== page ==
USF Wins Federal Grant For Dozier Research
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ST. PETERSBURG, Fla. (AP) — The National Institute of Justice has awarded University of South Florida researchers a $423,000 grant to help with exhuming the gravesites located at the Arthur G. Dozier School for Boys in Marianna.
The grant was announced Wednesday morning. It allows researchers to perform DNA testing and conduct investigations on human remains for identification. Starting this weekend, researchers from USF hope to start exhuming bodies from unmarked graves and perhaps return them to family members for a proper burial.
Former students and family members of the deceased say exhuming the remains might shed light on how the students died — and how they lived their final days at the school.
The school opened in 1900 and was shut down in 2011 for budgetary reasons.
Some former students have accused employees and guards at the school of physical and sexual abuse. The Florida Department of Law Enforcement investigated but concluded in 2009 that it was unable to substantiate or dispute the claims.
Researchers said they have already used historical documents to discover more deaths and gravesites than what the law enforcement agency found; they have verified the deaths of two adult staff members and 96 children — ranging in age from 6 to 18 — between 1914 and 1973.
Researchers received nearly $200,000 from state legislators to begin their project on the site 60 miles west of Tallahassee. The federal grant announced Wednesday will allow researchers to work with the University of North Texas Center for Human Identification in performing all of the DNA analysis. All of the data will be entered into the Combined DNA Index System and the National Missing and Unidentified Persons System, said Erin Kimmerle, an anthropologist and one of USF’s head researchers on the project.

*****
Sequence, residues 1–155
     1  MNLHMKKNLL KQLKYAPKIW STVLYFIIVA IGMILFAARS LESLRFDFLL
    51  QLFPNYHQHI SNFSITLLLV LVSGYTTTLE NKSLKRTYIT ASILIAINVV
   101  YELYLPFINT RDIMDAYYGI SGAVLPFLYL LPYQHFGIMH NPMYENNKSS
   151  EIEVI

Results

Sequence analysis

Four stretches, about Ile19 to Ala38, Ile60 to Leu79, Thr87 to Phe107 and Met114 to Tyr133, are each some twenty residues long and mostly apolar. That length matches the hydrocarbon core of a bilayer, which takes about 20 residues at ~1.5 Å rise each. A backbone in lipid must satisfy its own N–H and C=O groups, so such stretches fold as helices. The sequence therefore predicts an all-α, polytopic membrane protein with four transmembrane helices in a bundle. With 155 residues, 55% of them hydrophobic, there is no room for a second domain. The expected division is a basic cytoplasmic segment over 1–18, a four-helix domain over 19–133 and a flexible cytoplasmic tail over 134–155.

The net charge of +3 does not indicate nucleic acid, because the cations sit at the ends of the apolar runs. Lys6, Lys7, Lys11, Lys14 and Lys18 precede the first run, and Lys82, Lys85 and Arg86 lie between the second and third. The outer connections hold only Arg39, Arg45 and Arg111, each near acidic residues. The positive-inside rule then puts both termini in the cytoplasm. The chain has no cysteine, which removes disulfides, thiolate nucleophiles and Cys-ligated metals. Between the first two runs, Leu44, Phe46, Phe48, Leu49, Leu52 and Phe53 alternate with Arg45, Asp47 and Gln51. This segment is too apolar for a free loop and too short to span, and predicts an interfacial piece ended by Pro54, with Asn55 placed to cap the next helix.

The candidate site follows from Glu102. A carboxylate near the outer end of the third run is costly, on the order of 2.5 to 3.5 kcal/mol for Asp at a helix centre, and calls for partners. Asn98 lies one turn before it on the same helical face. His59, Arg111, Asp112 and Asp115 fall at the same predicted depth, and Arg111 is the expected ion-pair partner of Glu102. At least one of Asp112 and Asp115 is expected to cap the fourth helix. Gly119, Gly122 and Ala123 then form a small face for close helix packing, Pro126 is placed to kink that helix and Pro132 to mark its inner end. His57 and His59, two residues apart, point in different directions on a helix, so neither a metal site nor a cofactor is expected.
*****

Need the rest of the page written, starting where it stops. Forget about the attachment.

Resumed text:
Once DNA is collected, the information will be entered into national databases in hopes of finding families of the boys. In some cases, researchers have found families and have collected DNA, which will make identification of remains easier.
Kimmerle said researchers can also use facial reconstruction on remains that don’t yield DNA results. The research team will also try to determine a cause of death for each student.
Greg Ridgeway — the acting director of U.S. Department of Justice’s National Institute of Justice — said such grants usually are given to law enforcement or medical examiners’ offices to clear cold cases and identify unclaimed bodies.
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